Rebel groups are formed in opposition to an existing state. In many cases, rebels contest the sovereignty of this state by either seeking to control the government of that state, or by creating a new state. If a component of sovereign authority is the administration of justice, then what is at stake in recognizing rebel courts and their decisions is some degree of recognition of rebel sovereignty. Because rebels contest a sovereign state, the limited recognition of rebel sovereignty essentially comes at the expense of the sovereignty of the state they challenge.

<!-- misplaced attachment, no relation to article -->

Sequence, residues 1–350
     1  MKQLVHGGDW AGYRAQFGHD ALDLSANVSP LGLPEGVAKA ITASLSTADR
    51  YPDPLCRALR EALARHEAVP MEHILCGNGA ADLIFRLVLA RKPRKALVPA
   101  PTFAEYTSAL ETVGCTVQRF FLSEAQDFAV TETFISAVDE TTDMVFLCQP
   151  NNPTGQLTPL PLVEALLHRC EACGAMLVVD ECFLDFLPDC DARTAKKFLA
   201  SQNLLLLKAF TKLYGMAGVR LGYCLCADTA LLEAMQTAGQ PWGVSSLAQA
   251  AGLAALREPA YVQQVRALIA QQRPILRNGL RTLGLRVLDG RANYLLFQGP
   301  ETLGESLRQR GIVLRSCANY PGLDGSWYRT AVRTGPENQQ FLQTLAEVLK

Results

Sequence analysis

What Rebel Courts demonstrates is that a global legal system created and dominated by states may have provided a chisel to chip away chunks of state sovereignty while bolstering rebels’ own. States made the International Criminal Court, intentionally ceding some degree of sovereignty. However, the degree of sovereignty ceded might be more extensive than anticipated with the potential operation of complementarity to rebel groups’ courts. The operation of complementarity in the International Criminal Court implicitly recognizes effective justice-providing bodies outside the sovereign state’s formal legal institutions. Likewise, if the administration of justice is an aspect of sovereignty, that a third-party state recognizes the legal actions of a rebel group is an implicit recognition of a degree of sovereignty that a rebel group has. Provost demonstrates that the contest for sovereignty between rebels and states not only occurs on the battlefield but in the courtroom, with state-created agreements and institutions serving as some of the tools that inflict losses on the states themselves.